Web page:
Takashi Arai

  Takashi Arai (b. 1978, Kawasaki, Japan) does not see daguerreotype as a nostalgic reproduction of a classical method; instead, he has made it his own personal medium, finding it a reliable device for storing memory that is far better for recording and transmitting interactions with his subjects than modern photography.

Interested in nuclear issues,Arai has used the daguerreotype technique to create individual records—micro-monuments—of his encounters with surviving crew members, and the salvaged hull, of the fallout-contaminated Daigo Fukuryūmaru fishing boat, records that touch upon the fragmented reality of events in the past. This project led him to photograph the deeply interconnected subjects of Fukushima, Hiroshima, and Nagasaki. Since 1 January 2011, Arai has been taking one 6x6 D-type a day, creating the Daily D-type Project.

'Beginning in 2002, Arai taught himself everything he could about daguerreotypes. He found the original manuals (translated from French into English and then Japanese) written by Louis Daguerre. Fascinated by the concepts, he began to assemble all the materials necessary to produce actual plates himself. Unfortunately the outdated manual required some contemporary updates and Arai found help in other practitioners sharing advice, and a lot of experimentation.
Arai hand-makes his silver plates. To be precise, the plates themselves come from a factory, but Arai fastidiously and personally polishes each one until it looks just right. Ever attentive to detail, a single, small plate takes a good hour to produce. But all of this is part of Arai’s artistic routine. Indeed, the reflective polish of the daguerreotype plate is essential to its magic. Affectionately dubbed, “the magic mirror,” a well-made plate has the unique quality of implicating the viewer in the frame. When standing in front of Arai’s work, one’s face becomes visible on the reflective surface of the image. This mirroring makes the viewer feel completely involved within the worlds depicted.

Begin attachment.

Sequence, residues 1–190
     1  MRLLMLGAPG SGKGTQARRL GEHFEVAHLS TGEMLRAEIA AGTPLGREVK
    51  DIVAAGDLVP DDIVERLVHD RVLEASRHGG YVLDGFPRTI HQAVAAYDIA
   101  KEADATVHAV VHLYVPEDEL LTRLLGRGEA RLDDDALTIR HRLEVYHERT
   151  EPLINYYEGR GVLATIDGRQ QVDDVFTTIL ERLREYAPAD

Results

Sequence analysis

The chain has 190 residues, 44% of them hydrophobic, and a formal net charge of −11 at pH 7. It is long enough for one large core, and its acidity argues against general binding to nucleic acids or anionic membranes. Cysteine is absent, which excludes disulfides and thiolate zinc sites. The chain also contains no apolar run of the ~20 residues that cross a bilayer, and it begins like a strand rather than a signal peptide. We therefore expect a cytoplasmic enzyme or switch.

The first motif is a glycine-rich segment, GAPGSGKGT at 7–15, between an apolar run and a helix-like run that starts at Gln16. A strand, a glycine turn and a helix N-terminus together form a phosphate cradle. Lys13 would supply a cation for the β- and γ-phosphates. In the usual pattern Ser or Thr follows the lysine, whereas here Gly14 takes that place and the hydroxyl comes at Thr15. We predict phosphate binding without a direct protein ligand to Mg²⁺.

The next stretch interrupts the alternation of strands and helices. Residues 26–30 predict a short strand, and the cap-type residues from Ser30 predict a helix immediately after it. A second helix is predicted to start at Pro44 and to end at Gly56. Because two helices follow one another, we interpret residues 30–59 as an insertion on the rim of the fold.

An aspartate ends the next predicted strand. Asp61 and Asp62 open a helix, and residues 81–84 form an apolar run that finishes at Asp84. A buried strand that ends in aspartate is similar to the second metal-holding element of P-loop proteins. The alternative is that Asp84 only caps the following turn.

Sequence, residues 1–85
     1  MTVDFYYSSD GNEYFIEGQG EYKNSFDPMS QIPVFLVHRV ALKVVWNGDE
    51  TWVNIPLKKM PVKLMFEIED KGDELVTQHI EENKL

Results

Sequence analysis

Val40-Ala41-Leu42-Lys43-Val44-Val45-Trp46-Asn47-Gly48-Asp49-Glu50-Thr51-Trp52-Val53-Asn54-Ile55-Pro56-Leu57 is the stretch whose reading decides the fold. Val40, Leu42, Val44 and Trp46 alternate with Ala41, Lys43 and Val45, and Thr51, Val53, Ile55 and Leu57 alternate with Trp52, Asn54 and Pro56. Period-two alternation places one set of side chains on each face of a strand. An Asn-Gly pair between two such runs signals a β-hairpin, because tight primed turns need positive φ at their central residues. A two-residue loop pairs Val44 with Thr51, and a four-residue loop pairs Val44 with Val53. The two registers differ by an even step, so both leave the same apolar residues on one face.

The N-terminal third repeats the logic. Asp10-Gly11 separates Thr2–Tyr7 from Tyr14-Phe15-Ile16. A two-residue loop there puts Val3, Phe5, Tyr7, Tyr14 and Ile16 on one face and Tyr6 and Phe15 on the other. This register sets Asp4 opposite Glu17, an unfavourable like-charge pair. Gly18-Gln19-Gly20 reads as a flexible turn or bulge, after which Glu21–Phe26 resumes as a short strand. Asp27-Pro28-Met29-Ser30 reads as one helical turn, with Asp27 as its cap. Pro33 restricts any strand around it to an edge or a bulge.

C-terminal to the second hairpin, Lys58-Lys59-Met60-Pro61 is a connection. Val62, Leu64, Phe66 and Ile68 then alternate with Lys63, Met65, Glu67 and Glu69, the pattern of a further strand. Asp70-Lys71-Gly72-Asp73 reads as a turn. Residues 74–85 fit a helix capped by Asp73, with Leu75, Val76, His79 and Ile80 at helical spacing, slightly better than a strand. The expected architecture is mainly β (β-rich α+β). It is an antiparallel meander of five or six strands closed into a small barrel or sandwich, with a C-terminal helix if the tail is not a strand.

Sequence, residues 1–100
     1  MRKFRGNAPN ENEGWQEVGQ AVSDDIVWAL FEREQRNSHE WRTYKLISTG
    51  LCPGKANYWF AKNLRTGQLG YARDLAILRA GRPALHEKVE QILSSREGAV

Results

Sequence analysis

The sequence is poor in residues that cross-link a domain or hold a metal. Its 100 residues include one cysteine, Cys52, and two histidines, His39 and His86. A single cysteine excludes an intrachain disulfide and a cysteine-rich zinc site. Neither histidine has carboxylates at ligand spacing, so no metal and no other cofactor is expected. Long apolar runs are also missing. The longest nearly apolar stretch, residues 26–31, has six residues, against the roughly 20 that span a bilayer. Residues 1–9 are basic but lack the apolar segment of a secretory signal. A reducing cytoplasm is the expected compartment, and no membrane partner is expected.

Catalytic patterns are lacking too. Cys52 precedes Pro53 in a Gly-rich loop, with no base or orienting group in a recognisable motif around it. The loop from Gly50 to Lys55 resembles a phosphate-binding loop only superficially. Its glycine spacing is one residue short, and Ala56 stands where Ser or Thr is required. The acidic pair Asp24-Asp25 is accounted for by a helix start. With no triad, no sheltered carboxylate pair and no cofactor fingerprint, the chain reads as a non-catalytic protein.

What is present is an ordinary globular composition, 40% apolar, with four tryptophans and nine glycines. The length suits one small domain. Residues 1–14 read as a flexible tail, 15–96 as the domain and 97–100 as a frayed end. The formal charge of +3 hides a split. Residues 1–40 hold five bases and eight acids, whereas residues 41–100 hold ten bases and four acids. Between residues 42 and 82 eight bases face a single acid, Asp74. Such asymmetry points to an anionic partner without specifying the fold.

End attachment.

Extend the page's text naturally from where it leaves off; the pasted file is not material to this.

The artist's involvement can be felt in each plate’s subtle imperfections. From the highly variable exposure times (several seconds to 15 minutes) to the physical markings on the plates themselves, each image stands as a hand-crafted, singular work of art.
This feeling of materiality has other consequences. For example, when viewers first saw Arai’s series of daguerreotypes made around Fukushima, they began to invent reasons for the imperfections visible on the plate. Surely, they said, it was radiation that gave his plates their unearthly blue glow. Perhaps, they thought, it was the fallout that was leaving such tactile traces behind?
According to Arai, nothing could be further from the truth. The physical imperfections are a consequence of Arai’s commitment to making things by hand. And the blue glow is an incidental chemical reaction, common to daguerreotype plates the world over. But these viewer projections are no accident: they speak to the way in which these ghostly silver plates invite us to become enmeshed in the worlds that they depict.'

Takashi Arai’s work has appeared in numerous exhibitions, at the Museum of Fine Arts, Boston, Mori Art Museum, the National Museum of Modern Art, Tokyo, among other international venues. In 2016, he received the 41st Kimura Ihei Award for his first monograph “MONUMENTS” (PGI, 2015). Arai is also the winner of Source-Cord Prize, UK, in 2014. His works are held in many major public collections including the San Francisco Museum of Modern Art, Museum of Fine Arts, Boston, Tokyo Metropolitan Museum of Photography, and Musée Guimet.